My notes on the instructions describe sinkholes on the rear engine plate, side plates and the storage boxes.

12 M3 Grant instruct 1.jpg

This bit of Mirage Kit 72805 instructions shows the Grant turret assembly including assembly of the white metal 30 calibre machine gun for the rooftop, and painting instructions for Monty.

M3 Grant instruct Mirage72804 2.jpg

Above is the scan of Mirage's M3 Grant kit 72804 decals, from the El' Alemain version. The Mirage version of the British Grant turret is still flat at the rear bustle but is more round than Hasegawa's Grant turret.

Mirage offers us a choice of decal markings for at least six British tanks in North Africa and extra, assorted unit markings for us to play with: 2nd Dragoon Guards of 1st Armoured Division, a Grant in service with US Army under Major Henry Cabot Lodge, 4th Armoured Brigade of 7th Armoured Div.

The etched brass fret at right has parts for the side door interior, light brush guards, and the engine deck vent.

M3 Grant instruct Mirage72805.jpg

Mirages painting and marking guide for Kit M3 Grant kit 72805 Monty included information and markings for one British tank Monty, three Australian Grants and one Polish Grant tank. At lower left are some additional, supplemental markings for one of the Australian Grants.

At right is the etched brass fret which is the same as for kit 72804.


[1] Gunpower 32 M3 Lee/Grant Vol. 1, by Patryk Janda, A J Press., ISBN 078 83 7237 203 1. This is one of the best references on technical details of the M3 Medium tank.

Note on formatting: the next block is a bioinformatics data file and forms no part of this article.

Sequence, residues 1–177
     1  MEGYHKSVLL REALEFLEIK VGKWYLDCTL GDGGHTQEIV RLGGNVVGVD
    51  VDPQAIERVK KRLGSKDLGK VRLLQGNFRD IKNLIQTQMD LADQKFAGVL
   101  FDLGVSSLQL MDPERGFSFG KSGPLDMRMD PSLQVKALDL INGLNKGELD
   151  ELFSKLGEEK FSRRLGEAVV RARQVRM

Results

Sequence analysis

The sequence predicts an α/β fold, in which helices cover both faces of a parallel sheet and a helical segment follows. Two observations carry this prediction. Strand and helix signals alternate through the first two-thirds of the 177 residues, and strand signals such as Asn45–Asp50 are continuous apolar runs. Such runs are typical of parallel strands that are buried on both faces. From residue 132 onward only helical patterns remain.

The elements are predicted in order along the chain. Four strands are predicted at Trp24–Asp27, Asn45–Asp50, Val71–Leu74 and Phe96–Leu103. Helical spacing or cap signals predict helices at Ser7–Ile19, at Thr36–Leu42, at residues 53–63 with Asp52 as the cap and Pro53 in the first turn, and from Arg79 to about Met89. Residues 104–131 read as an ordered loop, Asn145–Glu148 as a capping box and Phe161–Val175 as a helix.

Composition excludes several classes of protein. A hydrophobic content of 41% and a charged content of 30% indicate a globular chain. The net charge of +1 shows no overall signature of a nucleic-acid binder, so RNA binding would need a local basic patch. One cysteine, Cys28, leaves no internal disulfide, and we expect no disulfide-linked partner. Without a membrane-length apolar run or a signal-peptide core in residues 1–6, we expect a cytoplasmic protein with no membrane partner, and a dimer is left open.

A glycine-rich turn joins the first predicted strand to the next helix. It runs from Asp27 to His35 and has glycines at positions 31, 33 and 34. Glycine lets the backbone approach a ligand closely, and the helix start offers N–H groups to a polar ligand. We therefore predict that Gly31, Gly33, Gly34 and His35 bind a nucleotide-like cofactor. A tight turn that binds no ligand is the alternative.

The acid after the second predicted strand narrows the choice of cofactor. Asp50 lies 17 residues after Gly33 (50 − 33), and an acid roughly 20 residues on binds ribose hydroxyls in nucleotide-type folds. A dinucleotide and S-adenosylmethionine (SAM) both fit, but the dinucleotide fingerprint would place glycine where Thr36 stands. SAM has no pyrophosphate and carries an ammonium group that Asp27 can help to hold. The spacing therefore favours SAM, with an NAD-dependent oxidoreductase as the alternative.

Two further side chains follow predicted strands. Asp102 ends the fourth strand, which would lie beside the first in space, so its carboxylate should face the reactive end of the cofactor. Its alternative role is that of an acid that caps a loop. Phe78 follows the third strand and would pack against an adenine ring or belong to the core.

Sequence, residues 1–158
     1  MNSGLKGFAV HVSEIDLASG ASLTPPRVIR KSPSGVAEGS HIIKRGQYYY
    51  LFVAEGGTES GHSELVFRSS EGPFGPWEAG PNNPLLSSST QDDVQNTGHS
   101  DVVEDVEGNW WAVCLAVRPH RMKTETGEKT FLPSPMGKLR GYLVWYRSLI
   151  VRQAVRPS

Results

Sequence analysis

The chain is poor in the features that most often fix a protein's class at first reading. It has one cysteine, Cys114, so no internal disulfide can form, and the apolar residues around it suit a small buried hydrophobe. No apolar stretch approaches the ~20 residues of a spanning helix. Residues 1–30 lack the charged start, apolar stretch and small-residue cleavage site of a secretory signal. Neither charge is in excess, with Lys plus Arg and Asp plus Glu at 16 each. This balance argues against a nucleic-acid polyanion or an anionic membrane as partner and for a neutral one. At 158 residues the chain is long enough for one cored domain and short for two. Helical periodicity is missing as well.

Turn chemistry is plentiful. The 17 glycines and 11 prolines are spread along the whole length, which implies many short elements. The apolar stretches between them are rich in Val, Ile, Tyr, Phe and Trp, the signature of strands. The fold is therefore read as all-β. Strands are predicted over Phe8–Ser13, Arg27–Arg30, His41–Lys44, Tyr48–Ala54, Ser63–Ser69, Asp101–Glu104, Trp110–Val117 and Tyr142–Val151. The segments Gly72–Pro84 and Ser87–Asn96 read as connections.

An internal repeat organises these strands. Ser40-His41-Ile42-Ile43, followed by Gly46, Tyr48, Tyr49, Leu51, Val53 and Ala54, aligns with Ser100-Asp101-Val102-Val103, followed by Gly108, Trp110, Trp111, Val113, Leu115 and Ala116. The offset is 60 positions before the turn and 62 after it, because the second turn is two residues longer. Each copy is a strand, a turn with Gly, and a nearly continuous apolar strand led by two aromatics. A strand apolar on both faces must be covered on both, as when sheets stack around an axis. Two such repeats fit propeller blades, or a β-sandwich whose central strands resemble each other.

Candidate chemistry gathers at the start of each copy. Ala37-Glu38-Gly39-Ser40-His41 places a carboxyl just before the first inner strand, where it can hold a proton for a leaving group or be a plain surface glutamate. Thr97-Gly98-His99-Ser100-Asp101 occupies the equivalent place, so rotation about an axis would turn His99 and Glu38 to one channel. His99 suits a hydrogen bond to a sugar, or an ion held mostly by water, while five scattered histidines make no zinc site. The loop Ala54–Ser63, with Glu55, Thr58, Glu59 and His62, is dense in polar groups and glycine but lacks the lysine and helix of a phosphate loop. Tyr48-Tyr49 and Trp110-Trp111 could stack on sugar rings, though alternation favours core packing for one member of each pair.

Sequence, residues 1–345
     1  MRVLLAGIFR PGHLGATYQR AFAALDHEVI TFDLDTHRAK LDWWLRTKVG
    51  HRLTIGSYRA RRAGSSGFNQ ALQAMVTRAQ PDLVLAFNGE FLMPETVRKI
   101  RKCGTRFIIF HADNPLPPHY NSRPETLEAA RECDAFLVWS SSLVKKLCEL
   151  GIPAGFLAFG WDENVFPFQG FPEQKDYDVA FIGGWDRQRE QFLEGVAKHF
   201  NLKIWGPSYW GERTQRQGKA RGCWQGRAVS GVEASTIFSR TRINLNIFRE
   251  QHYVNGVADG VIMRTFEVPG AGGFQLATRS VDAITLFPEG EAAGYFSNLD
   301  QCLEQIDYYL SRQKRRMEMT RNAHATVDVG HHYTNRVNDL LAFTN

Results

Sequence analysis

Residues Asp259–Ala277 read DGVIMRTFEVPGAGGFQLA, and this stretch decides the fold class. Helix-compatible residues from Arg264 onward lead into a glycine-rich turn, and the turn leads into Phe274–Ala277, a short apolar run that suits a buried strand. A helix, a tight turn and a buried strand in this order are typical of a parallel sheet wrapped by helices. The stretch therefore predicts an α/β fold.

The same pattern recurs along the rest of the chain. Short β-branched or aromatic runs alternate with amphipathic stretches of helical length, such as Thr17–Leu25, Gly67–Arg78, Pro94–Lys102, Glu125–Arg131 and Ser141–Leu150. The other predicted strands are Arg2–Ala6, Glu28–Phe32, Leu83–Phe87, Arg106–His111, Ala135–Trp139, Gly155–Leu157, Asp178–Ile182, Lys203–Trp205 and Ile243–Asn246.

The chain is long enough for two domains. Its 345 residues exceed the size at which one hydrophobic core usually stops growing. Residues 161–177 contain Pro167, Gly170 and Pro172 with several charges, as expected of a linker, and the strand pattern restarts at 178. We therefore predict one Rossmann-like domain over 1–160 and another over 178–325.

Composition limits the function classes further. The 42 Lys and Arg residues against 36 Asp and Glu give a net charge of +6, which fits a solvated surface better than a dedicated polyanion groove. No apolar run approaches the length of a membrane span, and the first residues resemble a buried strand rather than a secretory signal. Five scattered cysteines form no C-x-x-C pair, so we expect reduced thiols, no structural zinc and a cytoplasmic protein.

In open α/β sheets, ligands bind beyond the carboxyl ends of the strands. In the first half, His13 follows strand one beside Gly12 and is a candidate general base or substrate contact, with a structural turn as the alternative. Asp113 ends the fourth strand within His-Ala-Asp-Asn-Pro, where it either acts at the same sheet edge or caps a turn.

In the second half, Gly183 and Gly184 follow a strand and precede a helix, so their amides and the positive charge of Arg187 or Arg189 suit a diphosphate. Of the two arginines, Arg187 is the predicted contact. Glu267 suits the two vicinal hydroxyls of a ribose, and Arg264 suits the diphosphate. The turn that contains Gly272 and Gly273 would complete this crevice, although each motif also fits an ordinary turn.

[2] BRITISH AND AMERICAN TANKS OF WORLD WAR TWO , Peter Chamberlain and Chris Ellis. Cassel & Co., (2001). A great reference book on most all of the tanks and many other AFV's used by the American and UK forces.

[3] M3 Lee/Grant In Action, Armor Number 33 , by Jim Mesko & Don Greer, Squadron Signal Publications (1995). An excellent and inexpensive modeling and historical book on the M3 Medium tank.

[4] The LEE/GRANT Tanks in British Service, Osprey Vanguard 6 , by Bryan Perrett, Osprey Publishing Ltd. (1978).

[5] Sherman Medium Tank 1942-1945, New Vanguard 3 , by Steve Zaloga & Peter Sarson. Osprey Publishing Ltd. (1993). A very good soft cover book on the M4 but also covering the 75-mm gun and engines common to the M3. [This review was written before Osprey released their Vanguard book on the M3 medium.]

[6] Military Miniatures In Review (MMIR) Magazine, Volume 2, Number 2. The Sherman Tank: A Fragmented Look. Part 2a: M3 Glacis Armor. An excellent comprehensive treatise on details of the M3 Medium tank.

[7] henk.fox3000.com/Hasegawa.htm

[8] the.shadock.free.fr/sherman_minutia/index.html

Back to Articles Page
Back to Mirage kit list.
Back to Hasegawa kit list.
Back to Home Page

Article Last Updated: 02 March 2015